June 18, 2014
By AOPA Communications staff
June 18, 2014
Contact: Steve Hedges
Frederick, MD – This morning the Aircraft Owners and Pilots Association (AOPA) responded to a USA Today article written by reporter Thomas Frank. This extremely flawed article paints a misleading picture about the safety of general aviation: It gets the general aviation safety record wrong, it ignores efforts by the industry to make general aviation safer and it violates basic tenets of fairness and accuracy when it comes to good journalism.
The article leads one to believe that general aviation is an unsafe form of transportation, but in truth, general aviation has demonstrated significant progress in safety. According to the National Transportation Safety Board, the number of fatalities has declined by over 40 percent since the early 1990s. Of course mentioning that sort of fact would have undermined Mr. Frank’s narrative; you won’t find those statistics in his piece.
General aviation is enveloped by a robust safety system that is more extensive than any other recreational activity in the United States. This system addresses everything from aircraft certification to pilot training, aircraft maintenance and flight operations. This results in a general aviation system that provides for 21 million flight hours annually while carrying 170 million passengers per year safely and efficiently.
In comparison to other forms of recreational transportation, the annual number of fatalities for general aviation is about 30 percent fewer of that of the recreational boating industry, and not even 10 percent of motorcycles.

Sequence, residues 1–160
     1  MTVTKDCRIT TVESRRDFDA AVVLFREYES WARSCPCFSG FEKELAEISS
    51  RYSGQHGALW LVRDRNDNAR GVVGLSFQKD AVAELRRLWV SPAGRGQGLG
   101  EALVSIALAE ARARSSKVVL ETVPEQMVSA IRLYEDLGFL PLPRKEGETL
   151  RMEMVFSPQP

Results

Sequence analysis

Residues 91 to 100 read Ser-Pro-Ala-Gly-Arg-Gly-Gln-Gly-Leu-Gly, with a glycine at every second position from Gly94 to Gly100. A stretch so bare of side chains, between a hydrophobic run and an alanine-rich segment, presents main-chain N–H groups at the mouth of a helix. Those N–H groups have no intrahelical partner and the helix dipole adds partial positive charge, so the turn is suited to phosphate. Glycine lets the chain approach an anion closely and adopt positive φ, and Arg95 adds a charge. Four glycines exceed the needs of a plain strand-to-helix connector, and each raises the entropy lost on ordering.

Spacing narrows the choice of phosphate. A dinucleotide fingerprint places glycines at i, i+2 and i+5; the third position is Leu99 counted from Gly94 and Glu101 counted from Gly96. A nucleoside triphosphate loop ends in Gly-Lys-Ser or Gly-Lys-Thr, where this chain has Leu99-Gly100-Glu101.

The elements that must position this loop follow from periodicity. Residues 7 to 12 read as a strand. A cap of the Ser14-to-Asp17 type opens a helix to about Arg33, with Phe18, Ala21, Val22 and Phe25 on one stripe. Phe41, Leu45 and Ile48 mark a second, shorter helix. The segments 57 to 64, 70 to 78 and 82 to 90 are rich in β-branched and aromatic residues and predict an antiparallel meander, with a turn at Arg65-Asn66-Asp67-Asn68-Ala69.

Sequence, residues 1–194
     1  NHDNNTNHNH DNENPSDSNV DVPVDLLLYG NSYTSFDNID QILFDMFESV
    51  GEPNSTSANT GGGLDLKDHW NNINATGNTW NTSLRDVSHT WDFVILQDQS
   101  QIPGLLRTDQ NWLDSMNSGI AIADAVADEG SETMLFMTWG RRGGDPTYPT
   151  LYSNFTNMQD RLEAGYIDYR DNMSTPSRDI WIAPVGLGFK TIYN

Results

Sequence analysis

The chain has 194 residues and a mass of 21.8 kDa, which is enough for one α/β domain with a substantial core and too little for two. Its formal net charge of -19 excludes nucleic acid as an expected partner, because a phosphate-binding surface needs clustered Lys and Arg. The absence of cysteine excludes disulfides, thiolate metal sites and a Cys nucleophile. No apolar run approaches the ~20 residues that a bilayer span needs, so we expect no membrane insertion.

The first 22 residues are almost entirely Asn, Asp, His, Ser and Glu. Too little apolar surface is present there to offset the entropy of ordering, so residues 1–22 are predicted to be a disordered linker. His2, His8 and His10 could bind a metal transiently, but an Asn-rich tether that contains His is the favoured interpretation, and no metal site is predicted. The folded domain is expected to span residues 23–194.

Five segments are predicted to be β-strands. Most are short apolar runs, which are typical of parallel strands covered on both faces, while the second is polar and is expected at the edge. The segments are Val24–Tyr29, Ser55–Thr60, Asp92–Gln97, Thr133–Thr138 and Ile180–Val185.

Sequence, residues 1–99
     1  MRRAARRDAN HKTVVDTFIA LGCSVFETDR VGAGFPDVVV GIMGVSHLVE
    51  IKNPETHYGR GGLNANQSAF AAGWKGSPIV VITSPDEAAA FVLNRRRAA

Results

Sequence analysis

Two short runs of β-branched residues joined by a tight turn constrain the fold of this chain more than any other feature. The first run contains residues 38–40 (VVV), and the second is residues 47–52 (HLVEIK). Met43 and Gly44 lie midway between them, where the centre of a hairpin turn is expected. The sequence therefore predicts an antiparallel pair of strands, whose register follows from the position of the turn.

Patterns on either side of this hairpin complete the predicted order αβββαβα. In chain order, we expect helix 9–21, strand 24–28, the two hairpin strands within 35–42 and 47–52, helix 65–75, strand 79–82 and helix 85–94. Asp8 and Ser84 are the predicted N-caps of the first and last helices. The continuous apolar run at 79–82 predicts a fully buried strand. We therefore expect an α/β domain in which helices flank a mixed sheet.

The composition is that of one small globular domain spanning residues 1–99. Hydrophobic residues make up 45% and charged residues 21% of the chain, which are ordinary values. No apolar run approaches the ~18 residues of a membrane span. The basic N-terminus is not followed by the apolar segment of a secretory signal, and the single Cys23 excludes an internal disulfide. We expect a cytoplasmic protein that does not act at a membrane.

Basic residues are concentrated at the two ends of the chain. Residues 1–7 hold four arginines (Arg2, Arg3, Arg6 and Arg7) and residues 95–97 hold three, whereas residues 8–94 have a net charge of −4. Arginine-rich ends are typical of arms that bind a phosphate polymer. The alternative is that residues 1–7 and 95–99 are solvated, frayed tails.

General aviation – and AOPA - has been pro-active and aggressive in seeking solutions by pressing the FAA to make it easier and more affordable for new technology and safety-enhancing equipment to be installed in the existing fleet of 209,000 general aviation aircraft.
In 2013, the general aviation industry, including airplane and equipment manufacturers and operators, provided the FAA with extensive recommendations which, when implemented, will expedite the process for the development, certification, introduction and installation of safety- enhancing equipment on existing and new aircraft. The FAA has begun the implementation of these recommendations and needs to ensure that all of the recommendations are acted upon.
In addition, President Obama has signed the Small Airplane Revitalization Act into law, directing the FAA to implement the recommendations by December 2015. That, too, was omitted from Mr. Frank’s story, though we and others spoke extensively with him about it.
Mr. Frank stuck with the flawed idea that aircraft certified years ago, but manufactured today, are inherently unsafe. Aircraft manufacturers and the general aviation industry make changes and install safety enhancing upgrades to existing aircraft on a regular basis. It is the goal of the general aviation industry to continually evaluate and evolve our already robust safety system.
It is clear that Mr. Frank could make no space in his lengthy article for evidence of progress - evidence laid out in an hour-long discussion AOPA had with him last week. Including this information would have undermined his misplaced notion that general aviation is unsafe.
Since 1939, AOPA has protected the freedom to fly for thousands of pilots, aircraft owners and aviation enthusiasts. AOPA is the world’s largest aviation member association. With representatives based in Frederick, Md., Washington, D.C., and seven regions across the United States, AOPA provides member services that range from advocacy at the federal, state, and local levels to legal services, flight planning products, safety programs and award-winning media products. To learn more, visit www.aopa.org.
- AOPA -
Safety and Education
As the cold weather chills AOPA’s Headquarters in Frederick, many of us are inside generating new resources for flying clubs.
In my house, every Friday night is “Movie Night.” While the movies are rarely educational (I don’t think I learned anything from the Lego Movie), we look forward to the weekly opportunity to spend time together. Why not use the same concept for your Flying Club (with the addition of education, of course)?
The Aircraft Spotlight feature looks at an airplane type and evaluates it across six areas of particular interest to flying clubs and their members: Operating Cost, Maintenance, Insurability, Training, Cross-Country, and Fun Factor.
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